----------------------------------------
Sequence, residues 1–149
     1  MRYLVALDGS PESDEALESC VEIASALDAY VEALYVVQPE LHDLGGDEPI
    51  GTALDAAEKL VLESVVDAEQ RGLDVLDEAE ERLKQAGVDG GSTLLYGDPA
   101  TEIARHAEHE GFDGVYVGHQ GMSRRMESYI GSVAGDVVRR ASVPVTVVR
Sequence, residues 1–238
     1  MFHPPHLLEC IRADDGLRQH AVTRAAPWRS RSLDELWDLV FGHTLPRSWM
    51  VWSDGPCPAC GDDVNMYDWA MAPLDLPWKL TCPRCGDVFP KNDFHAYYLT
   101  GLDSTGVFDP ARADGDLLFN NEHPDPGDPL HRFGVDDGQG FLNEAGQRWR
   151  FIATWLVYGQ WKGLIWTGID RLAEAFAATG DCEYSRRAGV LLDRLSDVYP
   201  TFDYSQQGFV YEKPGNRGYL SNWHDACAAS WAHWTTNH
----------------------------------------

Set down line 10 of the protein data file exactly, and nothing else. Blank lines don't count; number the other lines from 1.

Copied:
   201  TFDYSQQGFV YEKPGNRGYL SNWHDACAAS WAHWTTNH